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Herschel's Phytotypes (Vegetable Photographs)

Herschel's Phytotypes (Vegetable Photographs)

The most extraordinary and improbable extension of Sir John Herschel's wide exploration of photo-sensitive materials was the use of juices extracted from flower petals. These 'vegetable photographs' extended photography beyond the usual metallic salts and other chemicals of the laboratory. One of the things Herschel was interested in, beyond the exploration of alternative light-sensitive agents, was colour. Although the nature of the photographic process doomed the invention to being monochrome, the early experimenters, as their products show, had no preconceived notion that this must be 'black-and-white', or even the sepia that became dominant. Talbot's photogenic drawings displayed a wide range of colours; Hunt's process produced a beautiful yellow or greenish image (34450, 62706) and even in 1839 Herschel had found a range of striking colours without going beyond the silver-based image and familiar chemical compounds. In 1842 he built on these beginnings to invent the iron-based cyanotype (blue) and chrysotype (purple).

Meanwhile, in 1841-42, he explored the softer and more delicate colours derived from plants. It was a die/bleach process, operating in the opposite way to the darkening of silver salts. The extract dyed the paper, and exposure to light then bleached it. The result was, as in Hunt's process, a direct positive image. The colours achieved however were not necessarily those expected from the source. Crimson poppy - one of the most successful - produced an image that was a slate blue-grey. The results fascinated Herschel and many of his contemporaries, and were of great scientific originality; but although he published the details in the Royal Society's Philosophical Transactions he concluded it would not be a viable photographic process. Not only was it extremely slow, but the resulting image could not be preserved from further change. Existing fixatives such as hypo were chemicals that neutralised light-sensitive metallic salts; but nothing could be found to arrest the fading of the plant juices. Perhaps he would be surprised to know that a number of his experimental specimens retain their images 170 years later, several of them quite striking.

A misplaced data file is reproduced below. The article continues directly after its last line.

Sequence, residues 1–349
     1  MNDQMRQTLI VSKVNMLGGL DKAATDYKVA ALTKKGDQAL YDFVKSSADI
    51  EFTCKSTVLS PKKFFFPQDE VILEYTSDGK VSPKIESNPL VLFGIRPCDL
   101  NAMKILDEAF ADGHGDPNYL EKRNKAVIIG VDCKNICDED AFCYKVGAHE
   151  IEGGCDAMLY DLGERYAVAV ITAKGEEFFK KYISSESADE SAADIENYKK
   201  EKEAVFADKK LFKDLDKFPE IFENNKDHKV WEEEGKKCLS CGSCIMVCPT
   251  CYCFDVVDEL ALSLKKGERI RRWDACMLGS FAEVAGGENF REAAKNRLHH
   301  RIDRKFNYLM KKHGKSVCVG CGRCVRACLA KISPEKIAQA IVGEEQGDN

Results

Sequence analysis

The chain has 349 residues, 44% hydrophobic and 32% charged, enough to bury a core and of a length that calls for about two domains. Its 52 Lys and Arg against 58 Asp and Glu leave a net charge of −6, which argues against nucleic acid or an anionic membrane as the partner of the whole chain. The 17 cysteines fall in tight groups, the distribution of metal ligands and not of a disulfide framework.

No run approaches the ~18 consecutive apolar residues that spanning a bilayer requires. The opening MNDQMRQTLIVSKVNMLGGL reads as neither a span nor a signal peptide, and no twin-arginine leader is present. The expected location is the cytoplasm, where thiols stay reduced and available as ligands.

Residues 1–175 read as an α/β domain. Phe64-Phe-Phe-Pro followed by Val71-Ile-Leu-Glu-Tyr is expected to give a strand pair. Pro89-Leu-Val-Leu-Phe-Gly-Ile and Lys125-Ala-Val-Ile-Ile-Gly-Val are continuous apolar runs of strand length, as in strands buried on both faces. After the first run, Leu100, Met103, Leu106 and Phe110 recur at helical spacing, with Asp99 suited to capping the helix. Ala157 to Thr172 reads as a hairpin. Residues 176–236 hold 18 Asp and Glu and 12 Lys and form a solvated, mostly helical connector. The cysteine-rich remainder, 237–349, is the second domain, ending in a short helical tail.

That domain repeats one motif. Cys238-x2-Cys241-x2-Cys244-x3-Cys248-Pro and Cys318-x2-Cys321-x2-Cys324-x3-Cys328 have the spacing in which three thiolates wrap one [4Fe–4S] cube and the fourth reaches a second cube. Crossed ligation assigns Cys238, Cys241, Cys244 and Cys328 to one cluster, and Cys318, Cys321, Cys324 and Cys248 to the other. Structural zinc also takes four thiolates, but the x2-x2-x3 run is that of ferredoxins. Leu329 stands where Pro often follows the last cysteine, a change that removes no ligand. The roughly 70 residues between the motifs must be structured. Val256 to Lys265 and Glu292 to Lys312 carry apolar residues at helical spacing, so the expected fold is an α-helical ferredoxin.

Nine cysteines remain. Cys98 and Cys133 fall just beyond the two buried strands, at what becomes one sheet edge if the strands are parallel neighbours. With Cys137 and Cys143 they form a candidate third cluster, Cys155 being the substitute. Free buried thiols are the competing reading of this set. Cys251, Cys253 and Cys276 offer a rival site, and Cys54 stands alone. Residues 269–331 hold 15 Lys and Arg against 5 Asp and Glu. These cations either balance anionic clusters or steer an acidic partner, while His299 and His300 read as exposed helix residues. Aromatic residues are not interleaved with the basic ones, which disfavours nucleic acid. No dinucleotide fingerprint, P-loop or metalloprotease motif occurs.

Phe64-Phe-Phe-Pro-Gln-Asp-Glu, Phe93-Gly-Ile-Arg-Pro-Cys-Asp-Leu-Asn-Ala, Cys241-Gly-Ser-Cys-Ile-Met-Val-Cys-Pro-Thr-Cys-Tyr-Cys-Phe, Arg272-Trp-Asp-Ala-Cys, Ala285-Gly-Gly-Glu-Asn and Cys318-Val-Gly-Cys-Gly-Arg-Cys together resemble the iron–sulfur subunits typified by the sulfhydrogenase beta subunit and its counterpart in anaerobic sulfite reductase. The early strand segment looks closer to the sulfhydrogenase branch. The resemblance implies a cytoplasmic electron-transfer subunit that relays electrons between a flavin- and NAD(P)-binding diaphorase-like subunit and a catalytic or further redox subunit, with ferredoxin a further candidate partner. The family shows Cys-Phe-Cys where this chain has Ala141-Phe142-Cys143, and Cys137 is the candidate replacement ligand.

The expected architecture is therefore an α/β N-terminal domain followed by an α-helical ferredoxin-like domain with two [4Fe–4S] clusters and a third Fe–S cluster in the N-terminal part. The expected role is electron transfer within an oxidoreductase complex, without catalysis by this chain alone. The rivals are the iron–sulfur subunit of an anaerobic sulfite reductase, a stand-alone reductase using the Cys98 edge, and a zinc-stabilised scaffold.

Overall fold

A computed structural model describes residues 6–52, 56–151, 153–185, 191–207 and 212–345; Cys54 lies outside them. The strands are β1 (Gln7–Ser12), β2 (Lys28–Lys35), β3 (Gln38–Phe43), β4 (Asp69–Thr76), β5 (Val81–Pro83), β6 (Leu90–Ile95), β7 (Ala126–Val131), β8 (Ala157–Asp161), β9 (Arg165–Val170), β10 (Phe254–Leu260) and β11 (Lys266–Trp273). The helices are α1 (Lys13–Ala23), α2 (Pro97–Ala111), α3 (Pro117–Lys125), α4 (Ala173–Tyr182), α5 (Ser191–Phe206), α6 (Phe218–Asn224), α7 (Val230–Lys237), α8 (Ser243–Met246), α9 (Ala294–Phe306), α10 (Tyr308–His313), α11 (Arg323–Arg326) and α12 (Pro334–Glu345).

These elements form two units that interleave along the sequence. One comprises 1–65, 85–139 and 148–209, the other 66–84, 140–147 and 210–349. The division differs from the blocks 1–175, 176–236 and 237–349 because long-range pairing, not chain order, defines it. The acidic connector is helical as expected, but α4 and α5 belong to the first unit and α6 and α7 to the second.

In his 1842 publication Herschel used the term 'vegetable photographs' for these images formed of plant juices, as he did on the wrapper that contains the Oxford specimens (60488, packet 29). The packet however also contains a contemporary slip of paper (23362) on which Herschel has written 'Phytotype (vegetable colours)'. Whether the coinage was an afterthought, or whether he refrained from using it because of his conclusion that it was not a viable process (and would therefore not need a name), we do not know. In the twentieth century, honouring Herschel's note, the word has been adopted and used in the Museum, and is used in this catalogue. Herschel, who was a great coiner of new terms (see additional narrative to 23362) but always fastidiously correct in his scientific language, chose phyto- (plant) because of its already established currency as a scientific prefix. Other writers dubbed his process 'anthotype', from antho- (flower), which historians of photography now more commonly use. Neither word is at present (2010) in the Oxford English Dictionary.

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